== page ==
Amblin' Alameda: The new cafe society

Amblin' Alameda: The new cafe society

Morton Chalfy

I grew up in the East Bronx during a magical time in America. In the mid-1950s I was in my mid-teens and “coffee shop” meant one of 30 or so places in Greenwich Village. These emporia served espresso - hot, bitter, concentrated coffee served in mercifully tiny tassos which, when fully emptied left a layer of residual sludge on the bottom.

One could sit for hours with an open notebook and pen and pretend to write poetry while ogling the young women. Competition for the “looks most like a real poet” prize was fierce, usually won by young men wearing Army surplus jackets and sporting long, wild hair and beards. Little readable poetry came out of these coffee houses but numerous liaisons with nubile young women did ensue, which was the point.

Today the main raison d'etre of the coffee shop and its devotees seems to have completely changed. First, a cafe that does not offer free wi-fi has little chance in the market. The poet's notebook has been replaced by the electronic sort, and “poetry writing” has been replaced by the earnest study of display screens.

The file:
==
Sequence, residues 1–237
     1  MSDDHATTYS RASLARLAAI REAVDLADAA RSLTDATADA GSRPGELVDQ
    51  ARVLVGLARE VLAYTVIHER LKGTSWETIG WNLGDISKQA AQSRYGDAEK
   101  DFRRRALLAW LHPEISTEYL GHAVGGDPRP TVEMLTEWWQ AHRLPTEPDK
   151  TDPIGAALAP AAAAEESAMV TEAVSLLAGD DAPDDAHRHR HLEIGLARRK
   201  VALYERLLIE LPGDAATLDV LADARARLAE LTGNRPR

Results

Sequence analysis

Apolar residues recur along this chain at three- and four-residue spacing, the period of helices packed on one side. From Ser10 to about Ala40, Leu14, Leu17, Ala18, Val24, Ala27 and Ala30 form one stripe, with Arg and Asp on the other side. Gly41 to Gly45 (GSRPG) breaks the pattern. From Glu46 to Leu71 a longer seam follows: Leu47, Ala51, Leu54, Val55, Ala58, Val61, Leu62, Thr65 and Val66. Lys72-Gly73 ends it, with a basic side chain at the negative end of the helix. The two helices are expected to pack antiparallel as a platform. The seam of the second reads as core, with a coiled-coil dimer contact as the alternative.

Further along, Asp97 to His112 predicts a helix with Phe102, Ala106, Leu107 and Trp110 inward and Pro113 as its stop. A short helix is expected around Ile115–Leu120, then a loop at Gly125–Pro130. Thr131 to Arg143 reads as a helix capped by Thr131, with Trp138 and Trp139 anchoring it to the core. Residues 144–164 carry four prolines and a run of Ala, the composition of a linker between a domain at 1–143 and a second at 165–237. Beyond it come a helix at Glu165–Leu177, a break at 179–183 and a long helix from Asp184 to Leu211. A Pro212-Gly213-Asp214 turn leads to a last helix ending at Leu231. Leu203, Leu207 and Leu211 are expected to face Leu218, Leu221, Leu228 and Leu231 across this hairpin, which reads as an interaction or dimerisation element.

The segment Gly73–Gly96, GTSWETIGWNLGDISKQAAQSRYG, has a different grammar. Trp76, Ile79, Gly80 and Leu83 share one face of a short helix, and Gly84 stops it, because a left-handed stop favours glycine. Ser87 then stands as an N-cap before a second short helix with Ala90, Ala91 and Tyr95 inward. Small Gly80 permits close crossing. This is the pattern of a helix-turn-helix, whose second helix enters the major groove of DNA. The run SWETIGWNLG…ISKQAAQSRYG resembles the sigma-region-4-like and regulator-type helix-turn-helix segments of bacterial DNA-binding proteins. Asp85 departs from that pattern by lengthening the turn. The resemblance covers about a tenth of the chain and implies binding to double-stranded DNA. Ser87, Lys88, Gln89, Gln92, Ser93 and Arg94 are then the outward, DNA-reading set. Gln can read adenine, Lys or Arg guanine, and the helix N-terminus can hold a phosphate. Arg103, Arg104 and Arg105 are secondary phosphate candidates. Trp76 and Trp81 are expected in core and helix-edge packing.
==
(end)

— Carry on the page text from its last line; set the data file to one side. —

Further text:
In the old coffee houses eyes would surreptitiously scan the room for “possibles.” In the modern version people seem to be legitimately working. Several friends regularly use various cafes as unofficial offices and plan their days around a couple of hours at their favorite spots such as the Blue Dot, Julie's Coffee & Tea Garden, Blue Danube, Starbucks and Peet's to name just a few of the very many in Alameda.

How the mighty have fallen and the romantic have been vanquished. The coffee houses of Greenwich Village - smoky, Italian (with possible Mafia connections), redolent with hormonal excretions and the young bodies in their control, selling romantic notions with their bitter brew are, alas, no more.

Today's cafes, which serve lattes in a no-smoking environment, show off the baristas' tattoos and are apparently based on a “sit and work as long as you like” business plan have unaccountably taken over the field.

I miss the old days. Or perhaps I just miss my youth.